Which of the following is the most appropriate next step in management?

A Percutaneous patent foramen ovale closure

B Prolonged cardiac rhythm monitoring

C Surgical closure of the patent foramen ovale

D Warfarin

Read more…

QOTD #2

July 13, 2013

An 82-year-old man is evaluated for recurrent obscure gastrointestinal bleeding. He has experienced four episodes of melena in the past 6 months. Results of a colonoscopy and upper endoscopy 3 months ago were unremarkable. There is no family history of bleeding diathesis. His only medication is iron sulfate for anemia.

On physical examination, vital signs are normal. BMI is 32. There is no abdominal tenderness. Digital rectal examination is normal.

Laboratory studies reveal a hemoglobin level of 10.1 g/dL (101 g/L); platelet count, complete metabolic panel, and INR are normal.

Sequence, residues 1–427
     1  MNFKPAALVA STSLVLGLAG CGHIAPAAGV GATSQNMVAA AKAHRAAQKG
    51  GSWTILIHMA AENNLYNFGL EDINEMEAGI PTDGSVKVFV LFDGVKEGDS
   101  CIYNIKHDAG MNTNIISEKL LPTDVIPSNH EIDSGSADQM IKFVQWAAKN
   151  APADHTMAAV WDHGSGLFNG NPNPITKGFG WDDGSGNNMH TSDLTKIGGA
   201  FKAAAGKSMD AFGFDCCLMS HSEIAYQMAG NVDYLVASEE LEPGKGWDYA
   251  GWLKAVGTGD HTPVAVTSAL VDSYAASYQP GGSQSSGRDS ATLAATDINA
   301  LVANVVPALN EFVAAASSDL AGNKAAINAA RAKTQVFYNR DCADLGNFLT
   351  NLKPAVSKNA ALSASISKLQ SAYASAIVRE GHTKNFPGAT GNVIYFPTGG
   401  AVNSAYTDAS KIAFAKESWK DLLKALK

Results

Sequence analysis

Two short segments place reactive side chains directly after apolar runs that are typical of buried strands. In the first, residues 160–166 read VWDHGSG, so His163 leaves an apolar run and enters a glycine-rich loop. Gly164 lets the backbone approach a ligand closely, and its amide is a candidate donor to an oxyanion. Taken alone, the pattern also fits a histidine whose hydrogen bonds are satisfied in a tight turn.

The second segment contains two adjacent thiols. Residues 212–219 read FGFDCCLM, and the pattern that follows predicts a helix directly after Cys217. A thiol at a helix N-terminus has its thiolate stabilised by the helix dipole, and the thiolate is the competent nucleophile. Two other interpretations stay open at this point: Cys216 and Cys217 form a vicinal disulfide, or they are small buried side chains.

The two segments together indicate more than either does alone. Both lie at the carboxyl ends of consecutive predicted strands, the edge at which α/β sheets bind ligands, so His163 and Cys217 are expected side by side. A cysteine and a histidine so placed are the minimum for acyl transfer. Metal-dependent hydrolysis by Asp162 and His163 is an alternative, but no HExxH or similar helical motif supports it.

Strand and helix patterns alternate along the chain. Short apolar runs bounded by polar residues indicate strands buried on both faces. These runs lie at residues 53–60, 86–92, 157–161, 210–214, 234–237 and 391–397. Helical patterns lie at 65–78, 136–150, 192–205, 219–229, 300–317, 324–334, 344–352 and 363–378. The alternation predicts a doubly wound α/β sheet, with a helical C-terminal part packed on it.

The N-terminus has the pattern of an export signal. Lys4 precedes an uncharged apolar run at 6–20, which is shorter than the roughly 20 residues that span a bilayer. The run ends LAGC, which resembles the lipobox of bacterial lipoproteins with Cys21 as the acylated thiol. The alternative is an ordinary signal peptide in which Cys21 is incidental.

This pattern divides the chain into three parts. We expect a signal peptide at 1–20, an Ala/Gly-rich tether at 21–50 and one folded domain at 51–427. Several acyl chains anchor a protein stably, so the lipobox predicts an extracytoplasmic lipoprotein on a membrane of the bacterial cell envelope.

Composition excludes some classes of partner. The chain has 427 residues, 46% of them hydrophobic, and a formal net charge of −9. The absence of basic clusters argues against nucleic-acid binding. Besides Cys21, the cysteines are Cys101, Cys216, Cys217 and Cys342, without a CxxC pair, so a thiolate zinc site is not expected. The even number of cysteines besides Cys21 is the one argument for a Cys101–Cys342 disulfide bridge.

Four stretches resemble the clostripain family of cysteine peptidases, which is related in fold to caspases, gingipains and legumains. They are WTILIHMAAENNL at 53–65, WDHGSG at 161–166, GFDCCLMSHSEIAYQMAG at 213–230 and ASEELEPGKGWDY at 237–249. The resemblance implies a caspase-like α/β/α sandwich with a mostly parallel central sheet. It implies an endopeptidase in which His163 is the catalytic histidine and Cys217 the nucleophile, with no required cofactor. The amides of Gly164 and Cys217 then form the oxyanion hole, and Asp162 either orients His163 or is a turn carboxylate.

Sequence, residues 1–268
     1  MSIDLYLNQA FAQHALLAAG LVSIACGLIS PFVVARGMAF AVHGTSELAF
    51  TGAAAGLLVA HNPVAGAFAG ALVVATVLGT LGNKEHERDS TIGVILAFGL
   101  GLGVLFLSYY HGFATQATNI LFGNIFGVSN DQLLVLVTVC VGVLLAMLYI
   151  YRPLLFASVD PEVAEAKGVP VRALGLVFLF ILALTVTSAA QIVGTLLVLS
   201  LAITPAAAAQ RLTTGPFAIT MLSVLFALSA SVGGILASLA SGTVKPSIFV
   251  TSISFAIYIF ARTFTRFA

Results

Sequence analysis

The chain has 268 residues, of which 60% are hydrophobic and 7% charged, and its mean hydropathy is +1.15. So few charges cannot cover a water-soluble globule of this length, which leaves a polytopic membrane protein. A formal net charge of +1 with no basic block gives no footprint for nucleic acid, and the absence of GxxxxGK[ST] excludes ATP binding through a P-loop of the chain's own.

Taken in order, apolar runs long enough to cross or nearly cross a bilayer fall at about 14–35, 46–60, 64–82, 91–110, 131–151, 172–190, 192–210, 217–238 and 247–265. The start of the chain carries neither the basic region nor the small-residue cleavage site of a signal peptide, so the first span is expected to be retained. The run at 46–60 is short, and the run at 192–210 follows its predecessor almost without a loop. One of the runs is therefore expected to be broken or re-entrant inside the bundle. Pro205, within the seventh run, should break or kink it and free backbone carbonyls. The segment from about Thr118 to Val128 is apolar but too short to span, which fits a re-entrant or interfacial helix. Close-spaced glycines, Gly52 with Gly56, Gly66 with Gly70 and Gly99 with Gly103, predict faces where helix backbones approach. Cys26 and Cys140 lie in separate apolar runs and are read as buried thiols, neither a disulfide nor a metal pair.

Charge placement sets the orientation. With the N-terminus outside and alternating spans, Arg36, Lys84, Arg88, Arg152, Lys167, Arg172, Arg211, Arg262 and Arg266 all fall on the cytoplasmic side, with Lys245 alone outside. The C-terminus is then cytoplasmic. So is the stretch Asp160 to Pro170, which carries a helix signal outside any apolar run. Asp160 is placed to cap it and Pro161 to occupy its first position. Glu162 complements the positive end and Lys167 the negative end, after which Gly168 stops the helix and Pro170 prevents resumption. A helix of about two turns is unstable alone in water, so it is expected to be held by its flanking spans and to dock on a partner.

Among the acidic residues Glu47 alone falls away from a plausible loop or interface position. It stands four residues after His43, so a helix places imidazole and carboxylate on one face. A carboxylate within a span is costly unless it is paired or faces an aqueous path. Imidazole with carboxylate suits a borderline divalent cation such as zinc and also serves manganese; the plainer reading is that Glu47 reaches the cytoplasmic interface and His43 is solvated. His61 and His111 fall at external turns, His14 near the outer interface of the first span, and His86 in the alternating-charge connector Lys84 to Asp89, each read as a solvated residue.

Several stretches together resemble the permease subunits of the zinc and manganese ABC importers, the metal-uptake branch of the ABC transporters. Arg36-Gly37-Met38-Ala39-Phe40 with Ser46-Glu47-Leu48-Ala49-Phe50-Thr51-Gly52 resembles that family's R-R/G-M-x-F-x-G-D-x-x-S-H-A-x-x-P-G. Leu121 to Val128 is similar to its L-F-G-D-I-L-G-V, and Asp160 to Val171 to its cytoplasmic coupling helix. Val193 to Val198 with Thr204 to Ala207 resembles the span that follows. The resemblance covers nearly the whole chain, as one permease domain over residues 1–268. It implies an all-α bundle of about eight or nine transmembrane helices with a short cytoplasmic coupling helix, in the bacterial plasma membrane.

Which of the following is the most appropriate diagnostic test to perform next?

A Intraoperative endoscopy
B Repeat upper endoscopy
C Single-balloon enteroscopy
D Wireless capsule endoscopy

Question of the Day #1

July 10, 2013

A 32-year-old man is evaluated for significant blood glucose elevations associated with exercise. The patient has a 22-year history of type 1 diabetes mellitus. He reports that after a recent 6 AM five-mile run, his blood glucose level was 386 mg/dL (21.4 mmol/L); the level was 297 mg/dL (16.5 mmol/L) just before the run and 215 mg/dL (11.9 mmol/L) at bedtime the night before. He took no insulin and ate no food in the morning before his run. During the run, he felt slow and fatigued but was significantly better after drinking water and giving himself insulin. The patient had one episode of diabetic ketoacidosis 15 years ago. Medications are insulin detemir, 16 units/d in the morning, and insulin lispro, 4 to 6 units before each meal, depending on his preprandial blood glucose level and expected carbohydrate intake.  Physical examination findings, including vital signs, are normal.

Which of the following is the most likely cause of his postexercise hyperglycemia?

A Excess nocturnal carbohydrate intake

B Gastroparesis

C Inadequate insulin replacement

D Nocturnal hypoglycemia

Source: MKSAP 16

Read more…